It's the end of an era, albeit a short one: this morning, Ford Motor Company announced the conclusion of CEO Mark Fields' three-year run. Instead of launching a lengthy hunt for a new executive, the automaker is promoting its self-driving car chief, Jim Hackett, to the top role.
Fields' unexpected retirement, which is being billed by the automaker as a retirement, follows up on an investor-driven announcement recently that Ford plans to trim its workforce considerably. Ford has seen its market share decline and its share price slide since Fields took control in 2014, although the automaker is expecting a $9 billion pre-tax profit this year.
It's safe to say that this decision had been a long time coming, even though Fields' income rose a hefty 19 percent to $22.1 million last year. However, Forbes reports that the automaker's board and its larger investors lost confidence in Fields' ability to run the company.
Official word from inside Ford is predictably positive right now:
"Jim Hackett is the right CEO to lead Ford during this transformative period for the auto industry and the broader mobility space," Executive Chairman Bill Ford said in a prepared statement. "He's a true visionary who brings a unique, human-centered leadership approach to our culture, products and services that will unlock the potential of our people and our business."
Here's a rundown of what we know so far:
While Ford has described Fields' sudden departure as a retirement, many stockholders and board members have been lobbying to replace the executive for some time.
Fields started at Ford in the late 1980s and worked his way up the corporate ladder before ultimately being groomed for the CEO position by then-chief Alan Mulally. When Mulally retired after helping the company stave off bankruptcy, Fields took over the reins in 2014.
Some folks were outraged back in January, when Fields dragged Ford into a very public dust-up with then president-elect Donald Trump about a new plant in Mexico. Admittedly, Ford has continued to expand its operations in Mexico, but it's been more careful about publicizing its efforts. Others might have been put off back in April, when they heard that Tesla had become more valuable than Ford despite producing far fewer cars.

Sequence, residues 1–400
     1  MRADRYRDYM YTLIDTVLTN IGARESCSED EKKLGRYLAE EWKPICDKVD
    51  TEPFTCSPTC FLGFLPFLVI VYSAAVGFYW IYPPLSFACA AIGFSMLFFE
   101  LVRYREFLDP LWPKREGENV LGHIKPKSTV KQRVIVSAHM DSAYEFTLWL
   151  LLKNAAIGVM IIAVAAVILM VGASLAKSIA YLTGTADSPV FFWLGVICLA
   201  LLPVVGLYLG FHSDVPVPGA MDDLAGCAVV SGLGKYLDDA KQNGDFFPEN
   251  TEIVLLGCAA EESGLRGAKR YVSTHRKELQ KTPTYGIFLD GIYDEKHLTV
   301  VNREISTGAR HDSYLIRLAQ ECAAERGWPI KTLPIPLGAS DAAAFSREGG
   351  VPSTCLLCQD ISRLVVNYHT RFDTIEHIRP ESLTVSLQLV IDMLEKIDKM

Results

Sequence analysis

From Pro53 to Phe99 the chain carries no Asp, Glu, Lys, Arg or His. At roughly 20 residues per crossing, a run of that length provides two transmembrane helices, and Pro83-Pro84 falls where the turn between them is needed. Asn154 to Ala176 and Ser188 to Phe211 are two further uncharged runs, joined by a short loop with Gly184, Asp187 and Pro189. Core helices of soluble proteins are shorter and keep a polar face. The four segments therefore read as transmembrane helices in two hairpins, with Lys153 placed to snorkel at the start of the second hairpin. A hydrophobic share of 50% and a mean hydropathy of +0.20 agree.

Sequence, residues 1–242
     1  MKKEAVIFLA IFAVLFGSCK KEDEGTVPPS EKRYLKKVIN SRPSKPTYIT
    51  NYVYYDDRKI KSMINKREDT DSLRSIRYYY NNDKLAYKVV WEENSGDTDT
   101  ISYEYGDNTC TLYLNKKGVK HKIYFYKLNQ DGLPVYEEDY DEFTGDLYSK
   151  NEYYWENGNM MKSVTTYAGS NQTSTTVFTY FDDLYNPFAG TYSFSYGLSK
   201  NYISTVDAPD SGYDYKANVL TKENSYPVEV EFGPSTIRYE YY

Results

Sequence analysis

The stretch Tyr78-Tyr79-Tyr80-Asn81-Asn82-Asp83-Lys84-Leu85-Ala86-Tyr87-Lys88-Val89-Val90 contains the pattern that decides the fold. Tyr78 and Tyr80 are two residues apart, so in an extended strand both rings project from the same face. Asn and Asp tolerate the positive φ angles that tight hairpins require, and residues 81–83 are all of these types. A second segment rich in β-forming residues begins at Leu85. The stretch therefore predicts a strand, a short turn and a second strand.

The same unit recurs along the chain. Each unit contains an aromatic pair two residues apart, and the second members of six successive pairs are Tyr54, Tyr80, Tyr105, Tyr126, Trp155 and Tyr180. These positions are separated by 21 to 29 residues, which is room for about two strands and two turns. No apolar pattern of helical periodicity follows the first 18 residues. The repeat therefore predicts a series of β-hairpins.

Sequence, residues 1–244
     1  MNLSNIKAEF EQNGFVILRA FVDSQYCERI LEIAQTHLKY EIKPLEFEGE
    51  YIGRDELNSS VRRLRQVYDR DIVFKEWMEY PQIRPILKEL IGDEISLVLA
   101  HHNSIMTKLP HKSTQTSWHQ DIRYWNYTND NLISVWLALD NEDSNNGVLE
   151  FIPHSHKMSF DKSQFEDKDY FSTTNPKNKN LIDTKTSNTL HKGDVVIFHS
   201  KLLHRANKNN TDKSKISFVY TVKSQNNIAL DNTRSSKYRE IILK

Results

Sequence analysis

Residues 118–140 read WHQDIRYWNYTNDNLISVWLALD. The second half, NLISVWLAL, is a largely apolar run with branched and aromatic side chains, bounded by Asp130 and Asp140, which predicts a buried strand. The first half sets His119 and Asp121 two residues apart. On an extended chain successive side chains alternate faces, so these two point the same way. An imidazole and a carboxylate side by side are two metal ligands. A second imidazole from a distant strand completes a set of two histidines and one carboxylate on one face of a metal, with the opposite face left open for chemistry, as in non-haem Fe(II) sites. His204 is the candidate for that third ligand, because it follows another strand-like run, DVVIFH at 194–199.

There were also broader concerns that, on the one hand, Ford has spent too much money on self-driving cars and other advanced technology, while on the other hand, the company hasn't seemed to generate much buzz for its efforts (despite the fact that a major study showed Ford ahead of the competition when it came to autonomous cars).
And of course, Fields faced organizational problems, too. Though he cut ten percent of Ford's salaried workforce a couple of weeks ago, many shareholders wanted Fields to do far more trimming of staff. There was also a push for Fields to carry out a stock buyback, which would've driven up the company's steadily shrinking share prices. Unfortunately for Fields, the buyback never materialized.
In the end, Fields has become certainly the highest-priority Ford worker to take what the automaker is officially branding as early retirement.
Will Hackett measure up? That's hard to say. Based on his remarkable work as head of top-selling office furniture company Steelcase, though, Ford is spinning Hackett as an expert at turnarounds--someone who's happy to shake things up, making businesses more nimble and adaptable in the process. Hackett also helped
In the immediate future, Ford listed in its press release three top priorities for Hackett:
Sharpening operational execution across the global business to further enhance quality, go-to-market strategy; product launch, while decisively addressing underperforming parts of the business
Modernizing Ford’s business, using new tools and techniques to unleash innovation, speed decision making and improve efficiency. This includes increasingly leveraging big data, artificial intelligence, advanced robotics, 3D printing and more
Transforming the company to meet future challenges, ensuring the company has the right culture, talent, strategic processes and nimbleness to succeed as society’s needs and consumer behavior change over time
Translation: Hackett aims to streamline operations more aggressively than Fields; to use new tools like robots and AI to create a smarter (and presumably smaller) workforce; and to position Ford as a strong competitor in the field of self-driving cars, electric cars, and other next-generation technology.
It's one big step toward transforming Ford from automaker to mobility provider.